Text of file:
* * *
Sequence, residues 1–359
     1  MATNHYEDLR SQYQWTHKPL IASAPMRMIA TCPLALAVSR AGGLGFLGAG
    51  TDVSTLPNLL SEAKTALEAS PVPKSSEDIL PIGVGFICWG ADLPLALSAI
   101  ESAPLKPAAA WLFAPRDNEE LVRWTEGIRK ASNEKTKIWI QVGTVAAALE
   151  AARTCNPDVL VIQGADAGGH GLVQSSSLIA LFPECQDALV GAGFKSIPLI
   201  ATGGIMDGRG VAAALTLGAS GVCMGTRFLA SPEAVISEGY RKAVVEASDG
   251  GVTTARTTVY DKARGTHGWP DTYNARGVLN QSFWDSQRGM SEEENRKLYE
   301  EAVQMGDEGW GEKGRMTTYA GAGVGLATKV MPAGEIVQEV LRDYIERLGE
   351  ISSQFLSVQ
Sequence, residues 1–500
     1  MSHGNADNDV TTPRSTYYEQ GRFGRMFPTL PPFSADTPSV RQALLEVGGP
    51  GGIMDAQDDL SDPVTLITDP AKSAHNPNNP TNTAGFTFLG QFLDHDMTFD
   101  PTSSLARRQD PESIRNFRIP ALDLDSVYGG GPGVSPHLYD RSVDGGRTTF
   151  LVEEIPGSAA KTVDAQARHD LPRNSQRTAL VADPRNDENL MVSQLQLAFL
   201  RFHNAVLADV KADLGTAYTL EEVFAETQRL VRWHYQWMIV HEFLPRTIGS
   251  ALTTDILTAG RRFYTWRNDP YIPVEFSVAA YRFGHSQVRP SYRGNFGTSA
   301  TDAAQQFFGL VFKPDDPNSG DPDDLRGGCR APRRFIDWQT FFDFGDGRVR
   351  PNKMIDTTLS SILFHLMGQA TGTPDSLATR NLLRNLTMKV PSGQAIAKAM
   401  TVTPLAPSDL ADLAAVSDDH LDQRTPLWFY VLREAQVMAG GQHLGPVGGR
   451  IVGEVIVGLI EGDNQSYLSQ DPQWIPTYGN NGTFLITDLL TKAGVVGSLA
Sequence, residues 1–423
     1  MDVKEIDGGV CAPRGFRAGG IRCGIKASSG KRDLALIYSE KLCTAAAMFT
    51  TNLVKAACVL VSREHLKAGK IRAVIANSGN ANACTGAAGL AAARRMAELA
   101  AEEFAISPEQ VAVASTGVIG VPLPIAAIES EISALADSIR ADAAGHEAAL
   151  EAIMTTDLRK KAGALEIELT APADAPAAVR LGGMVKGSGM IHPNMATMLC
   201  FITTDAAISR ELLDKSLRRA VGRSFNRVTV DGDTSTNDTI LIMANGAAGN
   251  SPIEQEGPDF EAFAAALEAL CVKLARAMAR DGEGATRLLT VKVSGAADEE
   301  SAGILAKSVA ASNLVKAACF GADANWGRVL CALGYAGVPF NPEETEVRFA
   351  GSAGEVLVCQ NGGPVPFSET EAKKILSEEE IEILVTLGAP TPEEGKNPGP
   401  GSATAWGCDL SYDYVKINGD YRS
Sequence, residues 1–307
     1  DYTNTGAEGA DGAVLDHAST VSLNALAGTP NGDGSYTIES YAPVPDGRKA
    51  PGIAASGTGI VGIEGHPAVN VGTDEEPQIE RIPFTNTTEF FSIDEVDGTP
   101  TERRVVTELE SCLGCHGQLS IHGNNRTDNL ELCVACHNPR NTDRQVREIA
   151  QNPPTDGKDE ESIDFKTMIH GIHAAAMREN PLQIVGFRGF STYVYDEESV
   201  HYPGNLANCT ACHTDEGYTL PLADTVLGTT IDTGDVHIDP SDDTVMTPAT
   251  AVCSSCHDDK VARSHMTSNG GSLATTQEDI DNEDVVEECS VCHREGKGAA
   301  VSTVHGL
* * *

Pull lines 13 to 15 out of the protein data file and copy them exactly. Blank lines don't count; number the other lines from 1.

   101  PTSSLARRQD PESIRNFRIP ALDLDSVYGG GPGVSPHLYD RSVDGGRTTF
   151  LVEEIPGSAA KTVDAQARHD LPRNSQRTAL VADPRNDENL MVSQLQLAFL
   201  RFHNAVLADV KADLGTAYTL EEVFAETQRL VRWHYQWMIV HEFLPRTIGS